Review published on June 16, 2015.Reviewed by sara garland
It’s hard to believe this is only Falcones’ third book given that he writes with a wonderful, engaging discourse, seemingly beautifully researched and depicted in a stunning Spanish setting. As a consequence I would acknowledge that this has also been translated well.
It is 1748 in Seville at a time when Spain is at war with England. It starts in the port of Cadiz. Caridad is a tall, strong, attractive Cuban slave on the naval ship, the Queen. It has shored up and is laden with stock from India.
A man shouts “Enjoy your freedom, Negress!” This a liberty that has befallen her following the death of her master Don Jose Hidalgo during the voyage. Whether this is a good thing remains to be seen as Caridad knows not how to fend for herself. She has arrived in a foreign country vulnerable and without money. The ship’s chaplain took responsibility for Caridad whilst upon the ship, but now needs to direct her to seek work in Seville as a free woman. To start with he sends her in the direction of a convent.
Triana is an area in Seville populated with gypsies. Milagros is a 14 year old girl living with her parents and grandfather, Melchor. She is on a journey of self discovery. She is beautiful and alluring, but more naive than she realises and consequently unwilling to hear the advice her wise and strong mother attempts to impose upon her.
Melchor comes across Caridad after she has been turned away from the convent, having been raped and prostituted by some local potters. She is feverish and in need of water. Recollecting times of when he experienced a similar fate whilst at sea, he takes her under his wing and protection and returns to the gypsy camp with Caridad in tow.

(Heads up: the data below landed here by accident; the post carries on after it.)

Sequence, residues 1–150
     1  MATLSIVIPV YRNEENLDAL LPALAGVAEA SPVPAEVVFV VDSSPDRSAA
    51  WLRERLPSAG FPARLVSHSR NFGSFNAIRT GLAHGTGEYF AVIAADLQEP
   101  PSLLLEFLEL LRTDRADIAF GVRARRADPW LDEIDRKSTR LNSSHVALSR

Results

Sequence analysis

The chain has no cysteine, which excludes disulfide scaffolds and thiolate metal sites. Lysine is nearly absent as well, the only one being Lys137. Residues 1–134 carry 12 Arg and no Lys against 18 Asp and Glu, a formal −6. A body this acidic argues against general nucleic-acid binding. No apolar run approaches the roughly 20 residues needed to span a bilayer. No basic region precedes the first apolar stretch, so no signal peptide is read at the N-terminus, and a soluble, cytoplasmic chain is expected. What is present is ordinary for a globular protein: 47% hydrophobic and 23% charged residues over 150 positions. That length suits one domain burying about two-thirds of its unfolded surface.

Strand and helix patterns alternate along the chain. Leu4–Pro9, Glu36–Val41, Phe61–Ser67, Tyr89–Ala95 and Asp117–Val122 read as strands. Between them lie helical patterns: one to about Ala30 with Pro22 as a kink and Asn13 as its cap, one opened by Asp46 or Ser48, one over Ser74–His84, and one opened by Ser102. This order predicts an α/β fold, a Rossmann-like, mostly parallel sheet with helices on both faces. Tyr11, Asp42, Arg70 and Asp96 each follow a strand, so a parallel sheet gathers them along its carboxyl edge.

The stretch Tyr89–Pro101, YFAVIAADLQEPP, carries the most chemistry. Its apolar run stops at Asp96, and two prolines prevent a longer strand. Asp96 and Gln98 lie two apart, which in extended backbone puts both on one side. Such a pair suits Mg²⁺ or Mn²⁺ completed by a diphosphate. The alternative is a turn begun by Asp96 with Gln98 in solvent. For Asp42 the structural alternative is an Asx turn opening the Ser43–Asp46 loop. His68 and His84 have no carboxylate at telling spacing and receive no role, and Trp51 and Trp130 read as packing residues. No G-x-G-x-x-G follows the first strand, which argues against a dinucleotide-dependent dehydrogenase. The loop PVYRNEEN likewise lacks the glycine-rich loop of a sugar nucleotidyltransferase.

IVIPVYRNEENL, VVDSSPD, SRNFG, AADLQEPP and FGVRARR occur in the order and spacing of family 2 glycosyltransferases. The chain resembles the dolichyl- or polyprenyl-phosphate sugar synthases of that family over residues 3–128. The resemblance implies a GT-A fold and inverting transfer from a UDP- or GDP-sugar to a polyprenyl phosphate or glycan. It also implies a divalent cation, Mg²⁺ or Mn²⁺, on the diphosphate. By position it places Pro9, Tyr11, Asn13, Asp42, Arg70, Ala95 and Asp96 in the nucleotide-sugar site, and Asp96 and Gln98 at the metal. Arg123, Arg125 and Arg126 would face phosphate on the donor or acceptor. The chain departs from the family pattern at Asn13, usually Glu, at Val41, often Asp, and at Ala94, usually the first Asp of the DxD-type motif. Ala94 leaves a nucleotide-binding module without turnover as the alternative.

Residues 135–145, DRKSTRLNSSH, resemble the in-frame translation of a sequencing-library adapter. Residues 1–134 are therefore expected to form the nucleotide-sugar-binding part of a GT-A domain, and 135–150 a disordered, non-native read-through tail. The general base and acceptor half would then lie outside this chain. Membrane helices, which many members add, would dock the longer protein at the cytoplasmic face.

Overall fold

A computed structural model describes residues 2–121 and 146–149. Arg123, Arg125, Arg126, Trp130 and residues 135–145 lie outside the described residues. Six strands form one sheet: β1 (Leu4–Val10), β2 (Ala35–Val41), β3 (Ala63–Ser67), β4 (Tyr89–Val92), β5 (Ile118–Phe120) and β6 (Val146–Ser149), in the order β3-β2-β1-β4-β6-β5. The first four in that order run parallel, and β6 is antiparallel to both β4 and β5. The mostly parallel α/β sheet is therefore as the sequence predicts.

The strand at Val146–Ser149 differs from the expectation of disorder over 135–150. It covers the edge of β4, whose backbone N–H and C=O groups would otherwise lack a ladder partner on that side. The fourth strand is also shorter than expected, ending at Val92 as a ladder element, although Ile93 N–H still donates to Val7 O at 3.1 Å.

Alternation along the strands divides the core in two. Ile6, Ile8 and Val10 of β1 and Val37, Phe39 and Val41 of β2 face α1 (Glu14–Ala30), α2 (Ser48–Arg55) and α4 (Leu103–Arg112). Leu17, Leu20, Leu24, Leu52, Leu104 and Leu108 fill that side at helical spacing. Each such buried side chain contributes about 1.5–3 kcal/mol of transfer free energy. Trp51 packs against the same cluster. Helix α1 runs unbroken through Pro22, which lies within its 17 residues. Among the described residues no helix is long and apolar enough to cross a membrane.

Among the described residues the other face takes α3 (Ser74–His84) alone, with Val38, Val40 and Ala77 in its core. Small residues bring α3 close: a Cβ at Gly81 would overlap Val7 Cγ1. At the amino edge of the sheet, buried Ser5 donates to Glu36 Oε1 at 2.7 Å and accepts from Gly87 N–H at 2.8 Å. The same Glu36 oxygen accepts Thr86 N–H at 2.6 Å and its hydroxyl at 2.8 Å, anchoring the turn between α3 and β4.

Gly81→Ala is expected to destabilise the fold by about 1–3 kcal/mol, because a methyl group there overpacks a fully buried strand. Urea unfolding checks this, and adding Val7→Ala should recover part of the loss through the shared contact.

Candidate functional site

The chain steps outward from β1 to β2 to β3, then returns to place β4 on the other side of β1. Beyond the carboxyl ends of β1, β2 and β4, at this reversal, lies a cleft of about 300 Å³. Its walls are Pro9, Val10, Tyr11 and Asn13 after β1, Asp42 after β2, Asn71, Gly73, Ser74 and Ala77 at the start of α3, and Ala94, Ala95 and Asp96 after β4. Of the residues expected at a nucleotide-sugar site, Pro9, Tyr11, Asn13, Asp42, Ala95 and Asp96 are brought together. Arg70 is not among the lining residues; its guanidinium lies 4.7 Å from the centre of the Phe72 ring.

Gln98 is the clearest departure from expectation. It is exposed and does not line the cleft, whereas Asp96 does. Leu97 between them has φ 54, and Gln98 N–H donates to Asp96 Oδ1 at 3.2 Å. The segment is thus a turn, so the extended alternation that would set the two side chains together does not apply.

Caridad turns heads with her stature, voluptuous figure and very black skin. The gypsies know not why she has been brought to live amongst them and not all welcome it, but they respect the wishes of Melchor, given he is an elder.
Milagros has a kind and generous heart and warms to Caridad and a friendship begins to bud. Caridad, so used to being subservient, is unable to look people in the eye. Able only to obey and immobilised by her shyness, she finds she clams up and often cannot answer questions levelled at her, such is her level of fear and distress. But it soon transpires that she has a skill, having been a slave on a plantation, and is excellent at recognising tobacco, where it has come from and rolling cigars – something that makes her useful to the gypsy people. And so she is able to earn her keep and remain as safe as could be expected given her circumstances.
Come 1749 there is a massive Seville raid whereby around 130 gypsy families get arrested. Men, women and children are separated and kept in different locations across Spain. An act that has a significant financial implication, given that such people needed to be fed and watered.
The key characters having converged and met, in this story consequences have their lives (and what small amounts of happiness experienced) torn apart. What transpires is an intelligent read about the most heart breaking struggles of marginalised people who suffer beyond expectations. Such people are immensely strong and principled and the book deftly captures and recalls what prevails for these characters in an engaging way. Amidst all this, there is still colour, flamboyance and an engrossing portrayal of Spain and what influenced it during this period of time. A detailed but exceptional book, that offers something really quite different.
The Barefoot Queen by Ildefonso Falcones is published in pbk by Black Swan, 4th June, 2015
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